Data is becoming an increasingly important aspect of transport. Personal data (such as driver card numbers and location data) is often included in the data collected from assets: leading to an increased risk of involuntary data legislation violations.
It is therefore vital that transport companies are compliant with data legislation. Being compliant means that:
- There is sufficient reason and expedience to be allowed to collect data.
- That there are no other real ways that will lead to the same result.
Since this is a common issue within the transport world and most face difficulty assessing if the right considerations are being made, we have developed a checklist to help you through the process.
How do we view ‘privacy’?
At an organisational level:
Apply the ‘need to know principle’: ensure that only the people who must have specific insights have access to the correlating data to be able to fulfill their tasks and duty.
This means that; if the workshop needs to know the location of an asset, the only data they need access to is its location. The workshop does not need to know which driver is driving the vehicle.
On the other hand drivers should at any time have easy access to their own personal and performance data. This can be done via smartphone apps or driver reports sent by email. Drivers that are no longer employed within a company are removed from the system or anonymized; this should be done automatically to eliminate the risk of human error, and removal is guaranteed.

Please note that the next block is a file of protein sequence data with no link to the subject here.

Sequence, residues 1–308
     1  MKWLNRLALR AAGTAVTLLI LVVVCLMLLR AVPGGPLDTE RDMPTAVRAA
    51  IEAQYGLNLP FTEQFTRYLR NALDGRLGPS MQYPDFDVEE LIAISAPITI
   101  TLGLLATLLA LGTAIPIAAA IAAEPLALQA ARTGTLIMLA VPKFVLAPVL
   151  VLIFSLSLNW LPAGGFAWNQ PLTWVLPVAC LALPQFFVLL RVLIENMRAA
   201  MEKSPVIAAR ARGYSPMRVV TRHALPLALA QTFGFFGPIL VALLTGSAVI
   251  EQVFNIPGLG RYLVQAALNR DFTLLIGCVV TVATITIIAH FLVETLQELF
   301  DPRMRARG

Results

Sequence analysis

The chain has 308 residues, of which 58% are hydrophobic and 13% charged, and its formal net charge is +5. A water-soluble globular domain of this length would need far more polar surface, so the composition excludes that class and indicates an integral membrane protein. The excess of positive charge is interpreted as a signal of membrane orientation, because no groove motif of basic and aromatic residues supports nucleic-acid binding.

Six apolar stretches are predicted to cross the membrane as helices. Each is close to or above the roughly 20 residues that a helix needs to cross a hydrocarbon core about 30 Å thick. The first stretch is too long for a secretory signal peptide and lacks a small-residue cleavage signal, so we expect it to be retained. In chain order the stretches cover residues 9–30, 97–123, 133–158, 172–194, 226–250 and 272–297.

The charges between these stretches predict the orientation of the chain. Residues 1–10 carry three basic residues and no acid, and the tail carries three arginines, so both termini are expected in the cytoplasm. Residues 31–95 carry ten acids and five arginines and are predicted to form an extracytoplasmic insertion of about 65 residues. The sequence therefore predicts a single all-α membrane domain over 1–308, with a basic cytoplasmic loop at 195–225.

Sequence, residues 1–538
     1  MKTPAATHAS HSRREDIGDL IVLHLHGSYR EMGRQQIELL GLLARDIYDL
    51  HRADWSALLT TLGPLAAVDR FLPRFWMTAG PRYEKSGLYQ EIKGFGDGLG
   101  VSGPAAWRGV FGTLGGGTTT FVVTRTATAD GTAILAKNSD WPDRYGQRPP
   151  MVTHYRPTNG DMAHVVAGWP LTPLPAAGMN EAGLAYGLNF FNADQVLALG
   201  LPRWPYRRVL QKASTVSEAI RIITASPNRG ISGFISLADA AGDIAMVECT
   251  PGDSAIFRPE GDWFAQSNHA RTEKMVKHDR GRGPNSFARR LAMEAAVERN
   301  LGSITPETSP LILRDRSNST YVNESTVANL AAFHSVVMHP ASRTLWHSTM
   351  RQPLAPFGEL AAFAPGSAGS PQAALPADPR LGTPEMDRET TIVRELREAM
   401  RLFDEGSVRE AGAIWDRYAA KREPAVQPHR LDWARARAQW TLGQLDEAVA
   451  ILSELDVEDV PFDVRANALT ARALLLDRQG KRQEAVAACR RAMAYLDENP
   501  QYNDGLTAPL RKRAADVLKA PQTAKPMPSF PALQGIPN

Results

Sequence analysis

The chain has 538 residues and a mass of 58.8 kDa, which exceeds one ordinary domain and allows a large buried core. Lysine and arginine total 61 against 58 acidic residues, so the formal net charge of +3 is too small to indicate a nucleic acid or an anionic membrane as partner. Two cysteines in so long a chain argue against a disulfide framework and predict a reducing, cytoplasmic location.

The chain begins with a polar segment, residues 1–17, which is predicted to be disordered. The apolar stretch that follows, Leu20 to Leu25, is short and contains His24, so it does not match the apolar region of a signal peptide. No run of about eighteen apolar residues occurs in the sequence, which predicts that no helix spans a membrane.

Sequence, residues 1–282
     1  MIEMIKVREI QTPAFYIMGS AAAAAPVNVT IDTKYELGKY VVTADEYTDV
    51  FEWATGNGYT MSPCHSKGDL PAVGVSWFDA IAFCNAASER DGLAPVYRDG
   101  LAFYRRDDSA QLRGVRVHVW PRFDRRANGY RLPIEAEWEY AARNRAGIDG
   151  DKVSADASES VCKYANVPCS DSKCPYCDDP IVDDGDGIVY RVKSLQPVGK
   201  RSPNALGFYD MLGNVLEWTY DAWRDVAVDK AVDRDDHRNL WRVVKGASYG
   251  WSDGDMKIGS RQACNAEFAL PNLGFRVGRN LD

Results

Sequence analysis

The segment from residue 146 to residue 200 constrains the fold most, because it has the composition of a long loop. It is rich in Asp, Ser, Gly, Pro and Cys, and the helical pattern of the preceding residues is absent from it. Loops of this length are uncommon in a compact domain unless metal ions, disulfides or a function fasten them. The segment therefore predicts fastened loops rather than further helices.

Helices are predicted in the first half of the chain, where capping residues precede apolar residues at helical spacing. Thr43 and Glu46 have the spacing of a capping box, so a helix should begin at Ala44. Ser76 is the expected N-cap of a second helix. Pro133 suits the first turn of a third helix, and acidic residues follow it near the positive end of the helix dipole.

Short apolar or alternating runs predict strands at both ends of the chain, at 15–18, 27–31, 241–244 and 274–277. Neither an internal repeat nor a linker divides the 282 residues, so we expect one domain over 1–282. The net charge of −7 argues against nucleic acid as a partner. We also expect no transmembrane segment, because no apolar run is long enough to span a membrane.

At a system level:
- Period for retention of data
- Driving data should be stored for the period when it is used. If coaching is held on a daily or weekly basis, a retention period of 2 to 3 months is justified. However, after this period, data can only be used to identify trends. At this stage underlying data can be removed and only trends retained.
- Data of drivers and charters is deleted automatically.
- Data that is sent and stored in encrypted form.
- Data quality & comparability:
- The driving behaviour scores are adjusted for different forms of distribution routes. Having a system that registers driving behaviour independently of distribution type is important and can lead to different scoring which is fair on drivers.
- Driver behaviour coaching can also be dependent on results of the data collected and interpreted by a platform. It is therefore important that the type of operation (distribution type) drivers undertake is taken into account when comparing driving behaviour. If drivers are working different forms of distribution, you cannot hold this against them: always compare apples with apples.
Customers are informed that data is collected on their own terrain. However they are given the option to opt-out of this by choosing to exclude collection of data such as dashcam footage for specific points of interests/locations, therefore excluding it from being presented on the Dashboard. All data shown to clients is also on a need to know basis: if truck- location information is important to the particular Dashboard user, no information on who is driving it will be shown.
Want to be sure you are fulfilling your data protection legal obligations and have peace of mind? Reach out to us today and